Life Style

Moth kachori at home, from East Delhi’s Nagpal di Hatti

Memories of food conversations that turn into actual meals at Nagpal di Hatti in East Delhi

It was a conversation many years ago in a barber’s shop that led me to one of the most sublime kachori outlets in Delhi. I was getting my hair trimmed when a fellow customer began telling us all about the (dal) moth-topped kachori in Multani Dhanda, Paharganj. We all drooled as the barbers snipped away. Soon after, I went looking for moth kachori — and ended up forging an everlasting relationship with it.

A few years ago, a foodie reader of this column told me about a place in East Delhi where this moth kachori was available, too. We went to Nagpal di Hatti (Phone: 9213741815 and 9213275645) in Gandhi Nagar, near Geeta Colony, and I recall we had a great time trying out the fare there.

In these isolated times, we look for happy memories. I suppose that’s why I had a yearning for some moth kachori a few days ago, at lunchtime.

I found out that Nagapl was on Zomato, so I promptly placed an order for two plates (₹40 a piece; ₹75 for two), and since I was going down the greasy path, a plate of chholey bhaturey (₹90). Because one should have a balanced diet, I asked for a plate of saag (greens) and rice (₹80) as well. All this at ₹449 — street food rates.

First, let me tell you about the kachori. This Multani speciality (which was introduced to this city after Partition) consists of a crisp kachori filled with a paste of dried dal, and topped with moth, with surprising specks of rice in it, onion strips and chutneys.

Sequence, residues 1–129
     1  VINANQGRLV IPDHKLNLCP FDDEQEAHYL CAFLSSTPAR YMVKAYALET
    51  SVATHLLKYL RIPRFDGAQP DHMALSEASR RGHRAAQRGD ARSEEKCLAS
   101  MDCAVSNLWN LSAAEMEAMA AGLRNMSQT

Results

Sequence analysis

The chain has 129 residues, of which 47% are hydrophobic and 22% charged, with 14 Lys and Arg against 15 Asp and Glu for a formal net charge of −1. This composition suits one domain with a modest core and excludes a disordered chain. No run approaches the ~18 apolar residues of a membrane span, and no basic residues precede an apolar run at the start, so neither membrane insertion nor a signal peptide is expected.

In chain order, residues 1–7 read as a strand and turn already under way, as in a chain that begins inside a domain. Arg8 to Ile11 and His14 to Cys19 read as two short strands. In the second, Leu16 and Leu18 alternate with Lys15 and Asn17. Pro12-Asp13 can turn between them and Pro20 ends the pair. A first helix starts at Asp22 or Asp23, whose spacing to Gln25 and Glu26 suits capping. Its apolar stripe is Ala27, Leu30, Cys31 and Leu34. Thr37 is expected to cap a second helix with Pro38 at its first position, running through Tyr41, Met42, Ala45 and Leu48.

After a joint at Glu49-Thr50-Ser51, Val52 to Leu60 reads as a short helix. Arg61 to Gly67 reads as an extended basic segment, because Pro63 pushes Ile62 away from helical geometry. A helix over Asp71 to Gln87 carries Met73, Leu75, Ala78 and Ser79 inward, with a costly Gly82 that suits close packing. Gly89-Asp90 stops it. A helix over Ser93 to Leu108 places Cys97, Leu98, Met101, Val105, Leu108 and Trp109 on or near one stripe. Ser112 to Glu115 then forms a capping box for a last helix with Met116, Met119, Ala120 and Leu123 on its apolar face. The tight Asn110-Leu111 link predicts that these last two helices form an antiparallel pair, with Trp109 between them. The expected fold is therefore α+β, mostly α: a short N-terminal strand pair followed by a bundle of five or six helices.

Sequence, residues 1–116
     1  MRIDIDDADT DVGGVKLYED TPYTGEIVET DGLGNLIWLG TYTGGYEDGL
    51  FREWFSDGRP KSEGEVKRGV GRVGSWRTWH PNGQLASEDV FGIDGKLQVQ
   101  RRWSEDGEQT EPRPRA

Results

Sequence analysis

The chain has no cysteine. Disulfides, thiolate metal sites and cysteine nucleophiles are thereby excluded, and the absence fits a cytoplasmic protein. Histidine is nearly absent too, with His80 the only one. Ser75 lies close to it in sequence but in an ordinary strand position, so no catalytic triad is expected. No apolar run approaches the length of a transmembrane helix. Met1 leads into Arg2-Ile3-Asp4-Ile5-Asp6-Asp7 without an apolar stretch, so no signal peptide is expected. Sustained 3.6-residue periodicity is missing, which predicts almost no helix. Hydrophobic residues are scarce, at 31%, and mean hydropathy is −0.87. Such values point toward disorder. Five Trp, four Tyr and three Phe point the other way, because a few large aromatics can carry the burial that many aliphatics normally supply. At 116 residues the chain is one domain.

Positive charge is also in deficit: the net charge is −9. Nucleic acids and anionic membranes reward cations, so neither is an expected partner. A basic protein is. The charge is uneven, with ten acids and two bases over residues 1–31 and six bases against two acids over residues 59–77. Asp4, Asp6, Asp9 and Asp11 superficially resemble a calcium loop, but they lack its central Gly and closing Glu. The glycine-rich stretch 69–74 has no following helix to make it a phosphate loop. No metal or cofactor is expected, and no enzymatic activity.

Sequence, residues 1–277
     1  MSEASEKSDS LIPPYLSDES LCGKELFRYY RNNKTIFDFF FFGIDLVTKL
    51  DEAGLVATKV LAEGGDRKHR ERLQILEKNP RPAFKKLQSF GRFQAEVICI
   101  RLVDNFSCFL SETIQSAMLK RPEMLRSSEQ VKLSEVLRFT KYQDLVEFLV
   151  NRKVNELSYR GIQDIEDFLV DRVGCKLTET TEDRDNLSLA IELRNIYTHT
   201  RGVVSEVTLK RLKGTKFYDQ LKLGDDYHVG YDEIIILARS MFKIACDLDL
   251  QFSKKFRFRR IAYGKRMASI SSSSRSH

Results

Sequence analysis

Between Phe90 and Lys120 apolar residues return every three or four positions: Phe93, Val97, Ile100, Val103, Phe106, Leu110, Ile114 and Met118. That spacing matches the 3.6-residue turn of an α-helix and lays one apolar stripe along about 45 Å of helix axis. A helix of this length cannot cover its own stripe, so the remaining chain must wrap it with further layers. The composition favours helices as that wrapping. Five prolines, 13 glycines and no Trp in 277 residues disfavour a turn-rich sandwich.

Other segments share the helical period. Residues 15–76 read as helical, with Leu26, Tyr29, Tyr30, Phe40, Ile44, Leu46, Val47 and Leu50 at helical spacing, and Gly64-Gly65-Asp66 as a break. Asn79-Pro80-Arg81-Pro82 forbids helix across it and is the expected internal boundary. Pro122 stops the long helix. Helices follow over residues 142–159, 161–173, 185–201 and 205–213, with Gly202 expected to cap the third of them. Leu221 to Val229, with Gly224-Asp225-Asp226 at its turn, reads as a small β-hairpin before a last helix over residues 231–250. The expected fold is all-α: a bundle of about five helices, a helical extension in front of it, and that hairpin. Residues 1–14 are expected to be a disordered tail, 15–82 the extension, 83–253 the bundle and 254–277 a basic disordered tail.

I broke a kachori into half, and found it deliciously crunchy, the softness of the dal complementing it. The moth dal on top, of course, set it apart from others, giving it a different taste and texture.

I had a small piece of the bhatura, and found that it was nicely stuffed with paneer. The chholey that came with it was rather good. Surprisingly not very oily, it was just rightly spiced. I loved the palak — the spinach was creamy and well cooked, and had little besan dumplings in the gravy that gave a delicious twist to what could have been a plain dish. Though it came with a plate of jeera rice, I had mine with a roti, and enjoyed it thoroughly.

In these pandemic times, it was nice meeting my old friend, the moth kachori.

And I am happy to have struck a new friendship — with Nagpal’s palak and kofta.

The writer is a seasoned food critic

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